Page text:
INTERNATIONAL. Legendary global investor and chairman of Singapore- based Rogers Holdings, Jim Rogers said he is concerned some institutional gold reserves may be sold, affecting prices in the short term.
In an interview with Bloomberg radio, Rogers said: “I own some gold, but I am not buying at the moment because the IMF, which is one of the largest owners of gold in the world, is desperate to sell its gold.”
“I’m not selling my gold,” Rogers said.
The IMF “is trying to get permission from everybody,” Rogers added.
“If and when they sell their gold, they may set a bottom. Who knows? It may go down to US$700. They got a lot of gold to sell. If it does, I hope I’m brave enough and smart enough to buy more.”
In an earlier interview Rogers said whether the IMF sells gold or not, the world is expecting them to sell it.
G20 leaders agreed earlier this month that the International Monetary Fund (IMF) should sell gold from its reserve to help stimulate the world economy.
"Additional resources from agreed sales of IMF gold will be used, together with the surplus income, to provide US$6 billion additional concessional and flexible finance for the poorest countries over the next two to three years," a G20 statement said.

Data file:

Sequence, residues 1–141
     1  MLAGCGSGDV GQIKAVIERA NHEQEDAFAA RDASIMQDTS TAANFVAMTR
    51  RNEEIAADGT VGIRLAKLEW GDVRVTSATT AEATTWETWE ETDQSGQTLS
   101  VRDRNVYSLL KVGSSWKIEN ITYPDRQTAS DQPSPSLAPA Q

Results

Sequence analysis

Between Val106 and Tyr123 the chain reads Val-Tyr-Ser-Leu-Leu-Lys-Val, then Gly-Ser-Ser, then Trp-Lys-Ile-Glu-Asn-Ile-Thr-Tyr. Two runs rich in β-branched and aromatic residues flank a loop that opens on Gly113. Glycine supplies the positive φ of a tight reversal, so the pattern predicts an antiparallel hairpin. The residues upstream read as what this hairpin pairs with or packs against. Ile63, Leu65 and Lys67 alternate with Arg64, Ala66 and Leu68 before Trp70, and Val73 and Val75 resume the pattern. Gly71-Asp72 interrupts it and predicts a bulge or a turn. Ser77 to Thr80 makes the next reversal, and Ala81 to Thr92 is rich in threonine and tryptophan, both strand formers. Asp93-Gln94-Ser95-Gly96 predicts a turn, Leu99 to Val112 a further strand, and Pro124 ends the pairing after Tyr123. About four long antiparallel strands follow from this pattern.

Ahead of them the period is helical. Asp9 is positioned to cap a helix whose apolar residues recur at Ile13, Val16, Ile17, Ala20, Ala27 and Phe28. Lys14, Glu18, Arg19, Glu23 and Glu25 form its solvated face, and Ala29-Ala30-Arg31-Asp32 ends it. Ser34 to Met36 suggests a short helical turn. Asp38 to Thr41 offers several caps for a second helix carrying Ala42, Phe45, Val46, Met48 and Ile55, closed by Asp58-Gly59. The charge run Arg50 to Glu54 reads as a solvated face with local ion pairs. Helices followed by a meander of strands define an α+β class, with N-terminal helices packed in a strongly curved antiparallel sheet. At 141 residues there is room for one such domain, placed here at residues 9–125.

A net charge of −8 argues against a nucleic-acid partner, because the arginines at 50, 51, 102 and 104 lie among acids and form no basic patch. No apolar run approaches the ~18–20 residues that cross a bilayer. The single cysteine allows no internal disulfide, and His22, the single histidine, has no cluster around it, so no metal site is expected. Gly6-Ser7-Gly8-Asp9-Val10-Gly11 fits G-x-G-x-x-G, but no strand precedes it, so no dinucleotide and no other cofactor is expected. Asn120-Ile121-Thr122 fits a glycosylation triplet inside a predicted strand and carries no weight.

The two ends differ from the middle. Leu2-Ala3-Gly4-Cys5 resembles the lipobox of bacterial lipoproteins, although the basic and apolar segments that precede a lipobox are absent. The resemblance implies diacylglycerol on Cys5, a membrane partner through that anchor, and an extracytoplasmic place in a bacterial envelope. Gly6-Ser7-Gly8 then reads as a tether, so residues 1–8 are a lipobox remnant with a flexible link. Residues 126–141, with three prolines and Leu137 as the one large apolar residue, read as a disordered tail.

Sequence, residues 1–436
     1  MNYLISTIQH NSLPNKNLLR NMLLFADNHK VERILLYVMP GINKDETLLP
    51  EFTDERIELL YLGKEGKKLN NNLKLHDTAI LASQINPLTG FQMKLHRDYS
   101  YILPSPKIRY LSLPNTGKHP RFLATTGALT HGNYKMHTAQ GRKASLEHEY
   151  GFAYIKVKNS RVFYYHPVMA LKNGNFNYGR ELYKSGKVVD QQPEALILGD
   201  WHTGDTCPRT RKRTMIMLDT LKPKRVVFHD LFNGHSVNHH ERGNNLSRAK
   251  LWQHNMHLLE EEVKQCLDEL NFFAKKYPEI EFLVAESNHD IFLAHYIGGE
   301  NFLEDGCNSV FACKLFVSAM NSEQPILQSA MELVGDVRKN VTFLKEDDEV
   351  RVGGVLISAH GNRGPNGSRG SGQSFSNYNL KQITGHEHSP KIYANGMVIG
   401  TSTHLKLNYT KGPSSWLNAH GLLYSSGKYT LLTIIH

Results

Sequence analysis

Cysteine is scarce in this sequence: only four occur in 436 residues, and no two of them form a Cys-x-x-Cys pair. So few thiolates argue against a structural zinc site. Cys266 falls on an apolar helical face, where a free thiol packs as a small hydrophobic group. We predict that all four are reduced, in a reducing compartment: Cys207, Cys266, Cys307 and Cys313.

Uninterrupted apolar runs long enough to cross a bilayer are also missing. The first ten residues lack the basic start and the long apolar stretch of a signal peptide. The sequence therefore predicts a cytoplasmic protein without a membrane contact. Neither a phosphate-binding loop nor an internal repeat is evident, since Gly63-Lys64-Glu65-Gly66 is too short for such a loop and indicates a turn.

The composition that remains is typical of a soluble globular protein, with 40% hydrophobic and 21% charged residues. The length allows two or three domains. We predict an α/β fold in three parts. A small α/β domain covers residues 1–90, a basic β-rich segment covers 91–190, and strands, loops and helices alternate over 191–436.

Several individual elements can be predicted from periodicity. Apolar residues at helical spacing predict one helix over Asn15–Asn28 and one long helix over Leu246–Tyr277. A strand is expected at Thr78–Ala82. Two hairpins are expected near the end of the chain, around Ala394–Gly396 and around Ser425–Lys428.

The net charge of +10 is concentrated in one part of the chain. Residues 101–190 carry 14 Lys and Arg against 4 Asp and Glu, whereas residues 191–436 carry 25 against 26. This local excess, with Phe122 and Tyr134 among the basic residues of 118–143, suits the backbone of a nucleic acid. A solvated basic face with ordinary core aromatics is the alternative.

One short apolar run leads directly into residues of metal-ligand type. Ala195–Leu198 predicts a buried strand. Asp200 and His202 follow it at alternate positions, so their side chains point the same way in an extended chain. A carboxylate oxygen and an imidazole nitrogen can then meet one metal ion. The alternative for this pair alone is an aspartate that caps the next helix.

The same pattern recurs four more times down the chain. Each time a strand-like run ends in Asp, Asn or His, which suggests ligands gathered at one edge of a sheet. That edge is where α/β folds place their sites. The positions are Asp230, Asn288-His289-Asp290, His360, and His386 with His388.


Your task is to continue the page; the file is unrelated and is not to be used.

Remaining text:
The IMF’s board approved a proposal in April 2008 to sell 403.3 metric tons of bullion as part of a plan to close the Washington-based lender’s annual deficit.
The IMF is the third-largest holder of gold reserves after the US and Germany, with 3,217 tons in deposits, according to the World Gold Council (WGC)
Rogers has spent a career being one step ahead of mainstream investment thinking. Amongst his many accomplishments, Rogers was co-founder with George Soros of Quantum Fund. During his ten years with the fund, the portfolio gained more than 4,000%, while the S&P rose less than 50%.
Rogers retired from Quantum in 1980 and became a guest professor of finance at Columbia University Graduate School of Business and in 1989 and 1990, the moderator of The Dreyfus Roundtable and The Profit Motive with Jim Rogers. In 2002, Rogers became a regular guest on Fox News' Cavuto on Business. In 2004, Rogers wrote Hot Commodities.
In 1998, he founded the Rogers International Commodity Index and in 2007, the index and its three sub-indices were linked to exchange-traded notes under the banner ELEMENTS. The notes track the total return of the indices as an accessible way to invest in the index. In 2008, Rogers co-founded the Rogers-Van Eck Hard Assets Producers Index, an equity index focusing on pure play commodity producers.